B. C. 222.
But when he was succeeded at his death by the boy Philip, they conceived a contempt for the royal power, and at once began to look out for a pretext and opportunity for interfering in the Peloponnese: induced partly by an old habit of getting plunder from that country, and partly by the belief that, now the Achaeans were unsupported by Macedonia, they would be a match for them. While their thoughts were fixed on this, chance to a certain extent contributed to give them the opportunity which they desired.

There was a certain man of Trichonium1 named Dorimachus, son of that Nicostratus who made the treacherous attack on the Pan-Boeotian congress.2 This Dorimachus, being young and inspired with the true spirit of Aetolian violence and aggressiveness, was sent by the state to Phigalea in the Peloponnese, which, being on the borders of Arcadia and Messenia, happened at that time to be in political union with the Aetolian league. His mission was nominally to guard the city and territory of Phigalea, but in fact to act as a spy on the politics of the Peloponnese. A crowd of pirates flocked to him at Phigalea; and being unable to get them any booty by fair means, because the peace between all Greeks which Antigonus had concluded was still in force, he was finally reduced to allowing the pirates to drive off the cattle of the Messenians, though they were friends and allies of the Aetolians. These injurious acts were at first confined to the sheep on the border lands; but becoming more and more reckless and audacious, they even ventured to break into the farm-houses by sudden attacks at night. The Messenians were naturally indignant, and sent embassies to Dorimachus; which he at first disregarded, because he wanted not only to benefit the men under him, but himself also, by getting a share in their spoils. But when the arrival of such embassies became more and more frequent, owing to the perpetual recurrence of these acts of depredation, he said at last that he would come in person to Messene, and decide on the claims they had to make against the Aetolians. When he came, however, and the sufferers appeared, he laughed at some, threatened to strike others, and drove others away with abusive language.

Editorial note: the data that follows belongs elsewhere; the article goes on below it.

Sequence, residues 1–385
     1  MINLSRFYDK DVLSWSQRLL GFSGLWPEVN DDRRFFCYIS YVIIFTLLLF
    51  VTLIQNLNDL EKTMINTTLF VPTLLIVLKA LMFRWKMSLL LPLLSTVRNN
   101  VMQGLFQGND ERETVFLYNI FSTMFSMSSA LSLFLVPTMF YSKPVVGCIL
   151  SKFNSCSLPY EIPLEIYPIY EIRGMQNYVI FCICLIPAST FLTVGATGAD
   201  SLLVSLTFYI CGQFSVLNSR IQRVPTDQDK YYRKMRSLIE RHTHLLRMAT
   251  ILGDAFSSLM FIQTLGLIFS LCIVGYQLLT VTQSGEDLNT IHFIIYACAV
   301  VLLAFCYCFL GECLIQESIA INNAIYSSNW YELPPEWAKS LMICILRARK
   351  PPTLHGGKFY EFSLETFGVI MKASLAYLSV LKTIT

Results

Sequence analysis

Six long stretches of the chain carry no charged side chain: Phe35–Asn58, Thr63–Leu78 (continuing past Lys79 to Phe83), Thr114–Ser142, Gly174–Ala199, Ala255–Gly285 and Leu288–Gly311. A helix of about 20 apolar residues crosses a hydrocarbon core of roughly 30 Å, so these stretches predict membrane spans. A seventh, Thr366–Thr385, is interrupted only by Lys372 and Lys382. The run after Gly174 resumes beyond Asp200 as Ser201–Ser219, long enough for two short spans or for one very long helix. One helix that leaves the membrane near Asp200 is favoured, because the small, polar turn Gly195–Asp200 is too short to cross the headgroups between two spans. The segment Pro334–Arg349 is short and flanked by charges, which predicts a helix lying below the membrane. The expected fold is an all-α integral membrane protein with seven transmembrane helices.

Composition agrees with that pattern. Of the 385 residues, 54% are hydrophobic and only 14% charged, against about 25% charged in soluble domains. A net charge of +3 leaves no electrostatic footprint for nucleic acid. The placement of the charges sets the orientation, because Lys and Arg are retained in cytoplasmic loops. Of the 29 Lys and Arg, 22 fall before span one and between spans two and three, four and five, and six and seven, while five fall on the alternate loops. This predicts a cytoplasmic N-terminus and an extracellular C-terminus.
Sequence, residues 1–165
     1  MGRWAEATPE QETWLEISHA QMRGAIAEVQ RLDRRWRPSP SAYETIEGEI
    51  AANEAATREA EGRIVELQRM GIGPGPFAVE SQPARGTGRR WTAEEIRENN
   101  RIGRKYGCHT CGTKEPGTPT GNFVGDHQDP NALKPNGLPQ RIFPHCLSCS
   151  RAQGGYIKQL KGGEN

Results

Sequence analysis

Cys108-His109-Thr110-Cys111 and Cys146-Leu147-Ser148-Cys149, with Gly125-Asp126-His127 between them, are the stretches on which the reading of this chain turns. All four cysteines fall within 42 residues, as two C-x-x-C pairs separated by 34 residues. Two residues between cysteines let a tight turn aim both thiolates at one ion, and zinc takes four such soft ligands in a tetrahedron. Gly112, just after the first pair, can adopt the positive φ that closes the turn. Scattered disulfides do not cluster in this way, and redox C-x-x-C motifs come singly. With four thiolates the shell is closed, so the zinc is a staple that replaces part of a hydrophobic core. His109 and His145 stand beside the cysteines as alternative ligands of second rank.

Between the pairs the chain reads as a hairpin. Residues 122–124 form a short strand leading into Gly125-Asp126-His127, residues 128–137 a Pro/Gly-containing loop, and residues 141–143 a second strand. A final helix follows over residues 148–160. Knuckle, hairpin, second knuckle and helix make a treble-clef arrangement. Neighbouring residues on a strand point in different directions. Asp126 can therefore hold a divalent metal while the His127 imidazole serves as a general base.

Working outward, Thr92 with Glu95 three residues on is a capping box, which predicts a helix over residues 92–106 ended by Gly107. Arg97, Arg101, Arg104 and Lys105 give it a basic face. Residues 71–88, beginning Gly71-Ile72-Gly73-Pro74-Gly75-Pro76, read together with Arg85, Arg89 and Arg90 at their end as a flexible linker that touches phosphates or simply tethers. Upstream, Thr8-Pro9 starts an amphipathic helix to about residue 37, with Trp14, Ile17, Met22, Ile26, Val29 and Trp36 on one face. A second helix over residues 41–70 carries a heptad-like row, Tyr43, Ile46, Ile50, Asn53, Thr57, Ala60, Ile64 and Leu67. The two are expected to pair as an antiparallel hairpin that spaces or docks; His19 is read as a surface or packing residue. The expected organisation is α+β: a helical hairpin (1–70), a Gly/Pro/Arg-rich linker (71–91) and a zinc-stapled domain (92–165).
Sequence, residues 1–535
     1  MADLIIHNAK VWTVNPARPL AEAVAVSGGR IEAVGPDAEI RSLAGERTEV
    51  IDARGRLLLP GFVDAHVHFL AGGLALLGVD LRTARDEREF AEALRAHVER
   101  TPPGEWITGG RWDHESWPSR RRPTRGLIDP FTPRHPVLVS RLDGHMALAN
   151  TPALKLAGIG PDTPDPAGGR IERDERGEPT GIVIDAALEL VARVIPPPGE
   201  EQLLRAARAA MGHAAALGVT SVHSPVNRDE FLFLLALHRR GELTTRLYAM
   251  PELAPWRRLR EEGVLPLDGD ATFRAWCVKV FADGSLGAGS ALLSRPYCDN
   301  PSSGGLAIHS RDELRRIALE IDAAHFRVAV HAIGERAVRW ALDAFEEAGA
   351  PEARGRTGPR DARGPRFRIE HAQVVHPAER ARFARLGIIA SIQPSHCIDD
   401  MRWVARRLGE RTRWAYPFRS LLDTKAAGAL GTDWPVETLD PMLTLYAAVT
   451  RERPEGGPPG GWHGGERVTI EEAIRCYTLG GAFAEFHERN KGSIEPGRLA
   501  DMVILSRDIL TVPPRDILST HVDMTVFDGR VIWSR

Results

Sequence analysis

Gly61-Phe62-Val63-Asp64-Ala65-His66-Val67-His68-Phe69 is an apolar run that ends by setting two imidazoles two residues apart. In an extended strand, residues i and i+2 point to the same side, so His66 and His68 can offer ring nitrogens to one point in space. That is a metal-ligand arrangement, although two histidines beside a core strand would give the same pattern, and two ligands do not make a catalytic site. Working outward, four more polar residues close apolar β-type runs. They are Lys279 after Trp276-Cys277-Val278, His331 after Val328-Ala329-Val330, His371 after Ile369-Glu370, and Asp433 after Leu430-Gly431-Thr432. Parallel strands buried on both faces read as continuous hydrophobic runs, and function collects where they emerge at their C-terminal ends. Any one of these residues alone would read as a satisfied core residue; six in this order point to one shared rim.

Dorimachus Leaves Messene

Even while he was actually in Messene, the pirates came close to the city walls in the night, and by means of scaling-ladders broke into a country-house called Chiron's villa; killed all the slaves who resisted them; and having bound the others, took them and the cattle away with them.
Dorimachus leaves Messene.
The Messenian Ephors had long been much annoyed by what was going on, and by the presence of Dorimachus in their town; but this they thought was too insolent: and they accordingly summoned him to appear before the assembled magistrates. There Sciron, who happened to be an Ephor at the time, and enjoyed a high reputation for integrity among his fellow-citizens, advised that they should not allow Dorimachus to leave the city, until he had made good all the losses sustained by the Messenians, and had given up the guilty persons to be punished for the murders committed. This suggestion being received with unanimous approval, as but just, Dorimachus passionately exclaimed that "they were fools if they imagined that they were now insulting only Dorimachus, and not the Aetolian league." In fact he expressed the greatest indignation at the whole affair, and said that "they would meet with a public punishment, which would serve them well right." Now there was at that time in Messene a man of disgraceful and effeminate character named Babyrtas, who was so exactly like Dorimachus in voice and person, that, when he was dressed in Dorimachus's sun-hat and cloak, it was impossible to tell them apart; and of this Dorimachus was perfectly aware. When therefore he was speaking in these threatening and insolent tones to the Messenian magistrates, Sciron lost his temper and said: "Do you think we care for you or your threats, Babyrtas?" After this Dorimachus was compelled for the present to yield to circumstances, and to give satisfaction for the injuries inflicted upon the Messenians: but when he returned to Aetolia, he nursed such a bitter and furious feeling of anger at this taunt, that, without any other reasonable pretext, but for this cause and this alone, he got up a war against the Messenians.